Patriots defenders (I’m not accusing the author here) are quick to point out little points, but, usually neglect the larger picture:

    This isn’t a “one game” thing. There are several reports throughout the season of possible tampering. The texts prove this (and, if Brady’s cellphone had been turned over, no doubt any “debate” would be OVER). At least three teams (Colts, Jets & Ravens) reported suspicions. And, you have to go all the way back to when Brady and Peyton successfully lobbied the league a few years ago to allow teams to tinker with the footballs to show where this all likely began.

    The other point that hasn’t been brought up much is the then-derided theory that the under inflated footballs lead to a statistically significant lower of fumbles for the Patriots. Time to re-open that analysis.

    • ElGee

      Well, let’s re-open it so we can get it right:


      Also, how could the Patriots have tampered against the Colts…the game was in Indianapolis. The Colts equipment men are locker room liaisons. The Ravens are the same team who wanted to say the Patriots cheated for running trick formations. And it was like 10 degrees by the end of that game…Know what a 12.5 PSI football inflated at room temperature would be at 10 degrees? About 9.5 PSI.

      • JoeS

        Every team (Home OR Away) controlled their own balls. So, YES, the Patriots were deflagating on the road, too. Of course, the NFL just passed a rule changing the procedure for next season.

        • ElGee

          I’m lost. Both teams prepare balls BEFORE delivery to the officials. The allegation (and quite a specific one about stopping in the bathroom) is that the balls were tampered AFTER the officials gauged them. How would that possibly happen on the road?

          • JoeS

            Same way it happened at home.

            But, like has been noted – the rules have been tightened going forward.

            The bigger point is that the NFL should never have allowed Brady and Peyton to convince them that this was a good idea in the first place! Imagine if Lebron James could ask for “his” ball when Cleveland was on offense?

            • ElGee

              Hmmm. I feel like you’re not understanding the procedure. There is a window of time after the officials approve the balls before they are on the field (in plain site). For all intents and purposes, at some point in that window tampering must occur. The allegation is that it occurred during transporting the balls from the locker room to the field. There is no ambiguity about this in the Wells Report — the balls are in plain site at all other times, save for the trip to the bathroom.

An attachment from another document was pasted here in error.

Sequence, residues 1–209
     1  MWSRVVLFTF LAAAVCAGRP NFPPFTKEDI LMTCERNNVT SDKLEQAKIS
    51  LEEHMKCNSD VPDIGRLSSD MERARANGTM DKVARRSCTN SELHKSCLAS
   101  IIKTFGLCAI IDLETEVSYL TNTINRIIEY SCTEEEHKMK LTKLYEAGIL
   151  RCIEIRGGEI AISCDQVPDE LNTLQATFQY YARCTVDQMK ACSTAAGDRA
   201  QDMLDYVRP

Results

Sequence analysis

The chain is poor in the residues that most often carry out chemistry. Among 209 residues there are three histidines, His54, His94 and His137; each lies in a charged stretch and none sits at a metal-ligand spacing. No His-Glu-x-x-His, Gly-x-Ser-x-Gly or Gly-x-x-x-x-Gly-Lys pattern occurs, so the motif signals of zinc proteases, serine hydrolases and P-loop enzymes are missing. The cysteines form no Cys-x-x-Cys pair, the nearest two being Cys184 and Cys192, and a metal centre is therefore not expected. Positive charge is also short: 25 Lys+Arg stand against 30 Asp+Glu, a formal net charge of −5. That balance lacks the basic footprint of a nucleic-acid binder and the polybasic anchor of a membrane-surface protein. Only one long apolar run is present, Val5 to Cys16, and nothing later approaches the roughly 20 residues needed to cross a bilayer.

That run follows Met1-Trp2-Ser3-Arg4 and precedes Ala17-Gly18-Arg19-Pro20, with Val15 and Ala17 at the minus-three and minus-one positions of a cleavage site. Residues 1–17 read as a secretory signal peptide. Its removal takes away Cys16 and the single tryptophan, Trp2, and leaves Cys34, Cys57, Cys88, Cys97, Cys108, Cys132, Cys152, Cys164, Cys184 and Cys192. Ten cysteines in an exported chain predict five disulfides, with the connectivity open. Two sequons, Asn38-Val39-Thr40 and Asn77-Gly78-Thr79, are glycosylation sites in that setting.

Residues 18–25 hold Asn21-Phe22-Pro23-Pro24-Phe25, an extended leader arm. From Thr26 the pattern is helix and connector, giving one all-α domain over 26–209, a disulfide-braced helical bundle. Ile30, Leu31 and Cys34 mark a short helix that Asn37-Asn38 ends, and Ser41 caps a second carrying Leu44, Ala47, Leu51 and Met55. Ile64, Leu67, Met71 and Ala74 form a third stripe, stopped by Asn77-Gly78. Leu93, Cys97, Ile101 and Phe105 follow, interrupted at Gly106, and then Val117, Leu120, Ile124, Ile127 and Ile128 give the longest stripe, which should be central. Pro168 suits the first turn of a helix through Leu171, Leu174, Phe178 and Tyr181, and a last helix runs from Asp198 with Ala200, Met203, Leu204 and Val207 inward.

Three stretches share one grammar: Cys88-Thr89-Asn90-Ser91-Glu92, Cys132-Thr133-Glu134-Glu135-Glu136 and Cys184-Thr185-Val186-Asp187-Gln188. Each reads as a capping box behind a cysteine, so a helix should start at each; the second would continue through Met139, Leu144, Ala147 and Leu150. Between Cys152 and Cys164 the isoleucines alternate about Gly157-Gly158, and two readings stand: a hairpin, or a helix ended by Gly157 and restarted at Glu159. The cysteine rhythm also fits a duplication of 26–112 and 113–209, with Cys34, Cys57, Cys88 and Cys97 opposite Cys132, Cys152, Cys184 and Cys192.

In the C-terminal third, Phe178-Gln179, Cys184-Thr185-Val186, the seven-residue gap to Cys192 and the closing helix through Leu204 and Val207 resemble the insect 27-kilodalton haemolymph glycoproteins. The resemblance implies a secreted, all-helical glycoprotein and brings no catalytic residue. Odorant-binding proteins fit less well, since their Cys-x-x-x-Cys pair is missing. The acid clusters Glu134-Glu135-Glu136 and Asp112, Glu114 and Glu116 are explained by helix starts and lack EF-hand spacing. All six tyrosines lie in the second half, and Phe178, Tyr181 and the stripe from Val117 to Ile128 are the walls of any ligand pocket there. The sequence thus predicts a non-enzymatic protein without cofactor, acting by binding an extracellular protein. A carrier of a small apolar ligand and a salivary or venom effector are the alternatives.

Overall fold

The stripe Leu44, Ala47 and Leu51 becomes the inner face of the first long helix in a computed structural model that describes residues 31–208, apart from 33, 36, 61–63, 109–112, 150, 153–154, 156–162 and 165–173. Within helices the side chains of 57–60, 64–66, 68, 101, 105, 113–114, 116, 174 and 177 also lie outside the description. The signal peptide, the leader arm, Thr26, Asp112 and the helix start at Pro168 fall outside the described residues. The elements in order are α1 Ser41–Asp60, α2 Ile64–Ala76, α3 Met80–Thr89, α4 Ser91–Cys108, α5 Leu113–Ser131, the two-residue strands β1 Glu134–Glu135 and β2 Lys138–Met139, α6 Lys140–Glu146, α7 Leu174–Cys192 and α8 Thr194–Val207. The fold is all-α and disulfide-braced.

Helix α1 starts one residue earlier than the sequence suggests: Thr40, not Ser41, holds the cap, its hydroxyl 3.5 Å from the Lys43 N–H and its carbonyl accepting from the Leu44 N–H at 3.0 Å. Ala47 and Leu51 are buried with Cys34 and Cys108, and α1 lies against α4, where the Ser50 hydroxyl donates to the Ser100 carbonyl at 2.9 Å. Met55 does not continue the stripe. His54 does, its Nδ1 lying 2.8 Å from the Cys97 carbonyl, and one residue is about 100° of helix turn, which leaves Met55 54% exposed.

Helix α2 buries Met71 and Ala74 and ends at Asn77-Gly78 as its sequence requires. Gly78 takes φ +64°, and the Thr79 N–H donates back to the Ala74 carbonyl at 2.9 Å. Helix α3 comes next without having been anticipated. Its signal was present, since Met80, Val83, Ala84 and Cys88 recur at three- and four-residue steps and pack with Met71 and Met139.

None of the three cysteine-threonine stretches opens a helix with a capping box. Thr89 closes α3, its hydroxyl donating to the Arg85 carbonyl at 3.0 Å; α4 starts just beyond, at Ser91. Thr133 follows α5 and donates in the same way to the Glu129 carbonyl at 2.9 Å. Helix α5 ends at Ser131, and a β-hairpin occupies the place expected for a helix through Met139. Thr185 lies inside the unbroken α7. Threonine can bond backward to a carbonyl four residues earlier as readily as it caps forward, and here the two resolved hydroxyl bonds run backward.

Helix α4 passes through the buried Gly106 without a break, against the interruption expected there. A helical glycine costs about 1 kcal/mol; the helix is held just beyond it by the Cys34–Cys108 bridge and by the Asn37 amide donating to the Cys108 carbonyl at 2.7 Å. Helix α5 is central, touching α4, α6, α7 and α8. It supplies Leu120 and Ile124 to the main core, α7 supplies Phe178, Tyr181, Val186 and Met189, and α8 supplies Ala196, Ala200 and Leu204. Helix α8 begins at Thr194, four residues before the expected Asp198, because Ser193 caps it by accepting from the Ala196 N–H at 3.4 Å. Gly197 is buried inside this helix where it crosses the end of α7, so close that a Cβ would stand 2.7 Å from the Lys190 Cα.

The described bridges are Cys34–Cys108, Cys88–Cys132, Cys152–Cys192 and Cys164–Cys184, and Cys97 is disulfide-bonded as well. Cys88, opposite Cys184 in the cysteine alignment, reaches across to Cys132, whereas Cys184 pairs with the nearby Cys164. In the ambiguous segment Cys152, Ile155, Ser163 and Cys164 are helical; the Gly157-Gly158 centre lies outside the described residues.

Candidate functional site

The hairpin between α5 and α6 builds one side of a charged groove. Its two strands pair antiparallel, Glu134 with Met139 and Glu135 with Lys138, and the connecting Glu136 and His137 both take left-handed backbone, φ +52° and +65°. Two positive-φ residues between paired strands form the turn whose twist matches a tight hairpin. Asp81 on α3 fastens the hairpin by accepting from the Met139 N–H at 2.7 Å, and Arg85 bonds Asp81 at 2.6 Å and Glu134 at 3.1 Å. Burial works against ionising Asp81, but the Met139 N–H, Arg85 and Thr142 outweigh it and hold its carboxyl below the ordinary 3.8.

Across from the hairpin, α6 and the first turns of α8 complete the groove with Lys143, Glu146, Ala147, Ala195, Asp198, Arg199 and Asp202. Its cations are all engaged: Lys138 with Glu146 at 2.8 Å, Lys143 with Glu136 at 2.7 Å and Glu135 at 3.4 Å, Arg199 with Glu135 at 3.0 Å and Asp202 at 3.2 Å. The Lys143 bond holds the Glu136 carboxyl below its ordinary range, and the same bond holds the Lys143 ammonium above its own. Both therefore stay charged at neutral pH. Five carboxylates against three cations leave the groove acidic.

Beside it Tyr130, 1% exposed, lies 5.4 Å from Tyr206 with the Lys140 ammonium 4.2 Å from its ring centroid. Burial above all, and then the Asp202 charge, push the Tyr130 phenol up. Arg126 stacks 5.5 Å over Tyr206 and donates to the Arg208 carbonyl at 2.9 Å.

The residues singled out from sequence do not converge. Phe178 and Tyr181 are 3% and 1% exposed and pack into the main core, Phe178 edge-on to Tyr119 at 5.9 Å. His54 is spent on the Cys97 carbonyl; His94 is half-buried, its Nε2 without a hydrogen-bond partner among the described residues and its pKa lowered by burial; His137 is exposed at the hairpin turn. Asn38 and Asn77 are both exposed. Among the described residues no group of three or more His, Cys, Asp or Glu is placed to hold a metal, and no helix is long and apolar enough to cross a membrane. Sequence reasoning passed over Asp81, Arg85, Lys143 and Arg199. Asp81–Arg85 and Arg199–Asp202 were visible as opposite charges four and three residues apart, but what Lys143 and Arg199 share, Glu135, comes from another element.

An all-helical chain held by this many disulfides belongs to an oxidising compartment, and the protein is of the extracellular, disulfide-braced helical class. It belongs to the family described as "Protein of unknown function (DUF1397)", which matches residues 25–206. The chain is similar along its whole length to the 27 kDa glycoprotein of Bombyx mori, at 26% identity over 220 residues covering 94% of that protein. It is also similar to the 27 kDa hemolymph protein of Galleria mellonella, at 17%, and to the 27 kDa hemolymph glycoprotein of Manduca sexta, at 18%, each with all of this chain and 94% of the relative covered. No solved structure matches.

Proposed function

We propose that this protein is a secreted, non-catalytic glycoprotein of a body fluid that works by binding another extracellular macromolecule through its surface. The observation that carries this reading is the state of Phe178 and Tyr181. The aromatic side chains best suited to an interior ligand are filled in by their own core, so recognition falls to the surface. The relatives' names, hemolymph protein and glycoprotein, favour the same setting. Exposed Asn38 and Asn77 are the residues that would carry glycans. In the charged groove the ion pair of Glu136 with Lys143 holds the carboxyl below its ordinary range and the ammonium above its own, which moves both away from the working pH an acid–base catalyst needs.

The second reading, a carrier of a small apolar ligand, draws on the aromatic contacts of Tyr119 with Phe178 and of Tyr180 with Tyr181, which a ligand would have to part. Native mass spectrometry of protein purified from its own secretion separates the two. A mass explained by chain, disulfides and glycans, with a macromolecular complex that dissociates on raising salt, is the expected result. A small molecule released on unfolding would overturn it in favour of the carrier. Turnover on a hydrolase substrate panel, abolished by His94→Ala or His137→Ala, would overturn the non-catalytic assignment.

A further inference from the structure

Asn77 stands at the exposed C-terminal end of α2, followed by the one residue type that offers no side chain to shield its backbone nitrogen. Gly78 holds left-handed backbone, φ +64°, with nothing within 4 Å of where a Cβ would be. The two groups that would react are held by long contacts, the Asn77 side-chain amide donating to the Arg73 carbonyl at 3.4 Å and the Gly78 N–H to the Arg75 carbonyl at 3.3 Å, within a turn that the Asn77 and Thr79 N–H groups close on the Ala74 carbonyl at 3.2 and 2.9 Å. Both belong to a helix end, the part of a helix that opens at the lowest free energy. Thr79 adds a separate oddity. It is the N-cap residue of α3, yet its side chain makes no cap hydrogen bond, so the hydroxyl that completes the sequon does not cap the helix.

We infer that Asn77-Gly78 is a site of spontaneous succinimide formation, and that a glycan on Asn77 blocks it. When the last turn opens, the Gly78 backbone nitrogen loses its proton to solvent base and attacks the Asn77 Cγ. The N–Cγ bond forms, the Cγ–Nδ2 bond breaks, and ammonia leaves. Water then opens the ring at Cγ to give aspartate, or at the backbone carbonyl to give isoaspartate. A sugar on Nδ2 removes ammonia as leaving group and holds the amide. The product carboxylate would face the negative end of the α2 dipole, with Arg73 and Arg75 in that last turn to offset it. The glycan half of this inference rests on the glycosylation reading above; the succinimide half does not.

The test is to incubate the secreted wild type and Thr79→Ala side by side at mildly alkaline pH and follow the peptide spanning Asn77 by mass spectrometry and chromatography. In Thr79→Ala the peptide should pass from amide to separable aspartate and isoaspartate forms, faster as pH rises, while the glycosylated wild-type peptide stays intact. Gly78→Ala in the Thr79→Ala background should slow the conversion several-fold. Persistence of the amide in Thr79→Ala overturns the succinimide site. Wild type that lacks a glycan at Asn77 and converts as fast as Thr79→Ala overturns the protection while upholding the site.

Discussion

But, on the road, there are no Patriot employees in the officials locker room. They could not have access to the balls in that window, short of Mission Impossibling through the ventilation system. Jim McNally, “the deflator,” does not go to away games.

              That makes it impossible to deflate the footballs on the road in this manner.

  • mocha_bob

    In their experiments and analysis, the Colts balls are used as the “control group.” Does that not seem problematic to anyone? It seems fairly obvious that the Colts knew there were going to complain to the NFL (they had already teed it up), and the report contains almost zero discussion about the conditions that their balls experienced prior to the game. When were they delivered to the officials locker room? Why wouldn’t a report which really had a lot of fluff in it, not be more rigorous about the control group that was used to set all the environmental factors associated with the game day simulations. Seems a bit sloppy to me.